Kong: Skull Island (2017) Review

Kong Skull Island poster

This film should not have been as entertaining as it was…

This film surpasses expectations and the seemingly ‘generic’ premise of man VS monster to become a film that is more entertaining than it initially appears. Kong: Skull Island is a great example of how inspired writing and visionary directing can transform a potentially mindless monster flick into a film holding impact, substance and excitement. The story engages you, the characters grow on you, the setting intrigues you and Kong in general delivers everything you expect and than some.

The plot is straight forward; it is 1973 and utilising the threat of the Russians, a group of scientists convince their government to sanction and assist in a research expedition to an uncharted island. With the Russians about to discover the Island as well, the American government is left with little choice but to support the expedition before being discovered by the Russians. Unbeknownst to everyone besides the leading scientist of Monarch, the island that they journey to is one filled with creatures of monstrous proportions. The goal of Monarch is to prove the existence of monsters and determine whether they are a threat to humanity. Kong is such an existence and after the groups initial encounter with Kong, they find themselves stuck on the island and separated.

The characters supporting the film are driven by different goals and with the characters whose goals conflict, division is born. Samuel L. Jackson and John C. Riley are the standouts of the film and they both represent contrasting roles when it comes to Kong. Jackson and Riley embody their roles so passionately and characteristically that you can’t help but be enchanted by their natural charm. Despite Jackson’s character (Packard) being completely antagonist towards Kong that he becomes narrow-minded to the point of making Kong his ‘Moby Dick’, it is hard to hate his character. Packard’s reasons are genuine and understandable regardless of the morality attached to them, and yeah it is hard to dislike Samuel L. Jackson in general. Contrastingly, John C. Riley’s character (Hank) represents the supportive faction for Kong who understands what Kong means to not only the island but the safety of the world thanks to his 28 years living on Skull Island. His character knows the dangers the Skull Crawlers pose and what would happen if their biggest threat i.e. Kong, is gone.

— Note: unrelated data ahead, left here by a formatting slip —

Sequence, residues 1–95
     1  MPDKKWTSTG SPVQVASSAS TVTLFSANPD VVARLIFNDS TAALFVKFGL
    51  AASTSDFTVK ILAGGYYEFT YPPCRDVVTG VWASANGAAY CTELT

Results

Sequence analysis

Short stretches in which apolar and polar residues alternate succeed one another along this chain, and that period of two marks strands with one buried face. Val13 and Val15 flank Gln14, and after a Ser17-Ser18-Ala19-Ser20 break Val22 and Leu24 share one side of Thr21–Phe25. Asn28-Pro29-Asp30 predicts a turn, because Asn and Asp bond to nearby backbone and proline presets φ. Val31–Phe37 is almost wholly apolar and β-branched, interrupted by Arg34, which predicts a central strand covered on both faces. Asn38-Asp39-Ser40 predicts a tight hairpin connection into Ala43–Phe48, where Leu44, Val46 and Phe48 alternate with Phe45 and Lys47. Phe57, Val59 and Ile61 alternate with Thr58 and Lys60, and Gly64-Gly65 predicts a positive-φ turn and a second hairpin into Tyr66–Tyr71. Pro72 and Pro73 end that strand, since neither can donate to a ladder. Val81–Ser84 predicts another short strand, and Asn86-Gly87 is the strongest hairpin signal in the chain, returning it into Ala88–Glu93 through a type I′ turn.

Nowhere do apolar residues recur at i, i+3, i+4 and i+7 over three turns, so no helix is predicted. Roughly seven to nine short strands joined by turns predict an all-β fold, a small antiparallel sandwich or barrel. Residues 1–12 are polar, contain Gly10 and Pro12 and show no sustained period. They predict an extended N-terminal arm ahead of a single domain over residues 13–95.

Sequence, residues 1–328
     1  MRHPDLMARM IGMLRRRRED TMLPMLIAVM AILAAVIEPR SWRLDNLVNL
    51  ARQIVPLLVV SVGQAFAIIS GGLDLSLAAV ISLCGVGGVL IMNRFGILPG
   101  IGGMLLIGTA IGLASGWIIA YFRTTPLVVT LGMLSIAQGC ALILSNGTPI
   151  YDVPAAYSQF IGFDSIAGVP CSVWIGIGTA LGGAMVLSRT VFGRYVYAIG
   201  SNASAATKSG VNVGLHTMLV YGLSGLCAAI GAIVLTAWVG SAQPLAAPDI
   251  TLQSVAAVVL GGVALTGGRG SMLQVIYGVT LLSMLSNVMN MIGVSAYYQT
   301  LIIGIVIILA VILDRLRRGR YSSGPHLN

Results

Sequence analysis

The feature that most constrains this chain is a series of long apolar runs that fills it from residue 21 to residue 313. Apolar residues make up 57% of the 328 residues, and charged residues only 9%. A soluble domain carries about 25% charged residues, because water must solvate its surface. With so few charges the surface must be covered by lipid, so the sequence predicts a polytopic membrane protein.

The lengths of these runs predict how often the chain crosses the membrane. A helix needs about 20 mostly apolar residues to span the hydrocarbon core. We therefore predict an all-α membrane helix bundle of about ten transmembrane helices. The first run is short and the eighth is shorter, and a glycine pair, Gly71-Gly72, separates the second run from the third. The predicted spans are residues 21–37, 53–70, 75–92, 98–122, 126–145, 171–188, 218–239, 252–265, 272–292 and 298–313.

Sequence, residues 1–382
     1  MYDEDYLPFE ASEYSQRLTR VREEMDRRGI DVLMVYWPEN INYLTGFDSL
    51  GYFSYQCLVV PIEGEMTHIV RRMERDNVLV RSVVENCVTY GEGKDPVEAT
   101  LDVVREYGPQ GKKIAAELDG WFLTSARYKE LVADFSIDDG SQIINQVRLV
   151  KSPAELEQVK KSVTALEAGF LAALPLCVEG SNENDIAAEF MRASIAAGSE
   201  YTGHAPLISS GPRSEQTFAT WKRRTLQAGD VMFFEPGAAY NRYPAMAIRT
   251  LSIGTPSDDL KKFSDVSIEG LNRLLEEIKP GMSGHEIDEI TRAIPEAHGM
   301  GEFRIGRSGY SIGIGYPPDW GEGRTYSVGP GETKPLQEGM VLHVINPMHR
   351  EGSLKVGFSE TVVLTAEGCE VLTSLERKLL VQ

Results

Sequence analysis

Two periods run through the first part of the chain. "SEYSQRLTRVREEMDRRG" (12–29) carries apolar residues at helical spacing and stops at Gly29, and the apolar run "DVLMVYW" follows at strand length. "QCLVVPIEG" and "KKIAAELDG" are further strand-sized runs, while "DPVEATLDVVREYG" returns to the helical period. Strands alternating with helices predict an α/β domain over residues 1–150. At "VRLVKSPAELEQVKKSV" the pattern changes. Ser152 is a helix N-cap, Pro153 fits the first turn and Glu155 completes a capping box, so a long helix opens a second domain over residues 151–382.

Another intriguing character is Mason Weaver played by the fantastic Brie Larson. We learn about Mason Weaver through the camera she wields. Unlike Packard or Hank, Mason’s relevance isn’t directly related to Kong yet her relevance as a character within the story is substantial yet presented in a subtle manner. It is through what Mason observes and what she draws attention to that we come to learn about the natives lifestyle and culture. This in turn reflects back on Mason conveying to the audience what her own values are. Even if it is not explicitly stated, we come to understand the respect Mason has for life and how she approaches her journalistic work. Her ultimate decision at the end supports all that we learn about Mason and even inspires the viewer to respect her character more. I admit Mason could have been focused on more but I didn’t mind the supportive focus she got through her observation.

Tom Hiddleston’s character, James Conrad, while the main character, is largely underwhelming. I mean he is relevant and gets some decent action sequences to be highlighted in but overall, James as a character is forgettable when alongside the likes of Packard, Hank and Mason. Once the film ended, I tried to remind myself what his role was again and why he was even needed. He is the tracker, but tracking was such a background focus, it was hard to appreciate the value James actually brought as a character. The chemistry between James and Mason was good but the audience weren’t even given the opportunity to get to know who James is. He desperately could have used more dialog to help the audience connect with him and to convey his general presence.

Moving onto the battle sequences, they were fantastic, especially the initial helicopter scene when Kong is introduced in all his glory and ferocity. Kong embodied the gigantic beast he was in that moment and how adapt he can be at learning from new encounters. Within that mammoth existence though, lies the heart of a compassionate creature who understands, respects and appreciates coexistence. These qualities are reflected through the natives who worship Kong and his deceased family as Gods. Through them we come to understand the lengths Kong and his family have gone to to protect their home and the lives that exist on the Island.

Overall, Kong: Skull Island manages to exceed expectations and the smart presentation manages to heighten the intensity and thrill of witnessing Kong in battle throughout his encounters. If you are looking for a fun, action-packed adventure to cast your attention into, you will be surprisingly entertained by Kong: Skull Island.

Enjoyment level: 8/10

 

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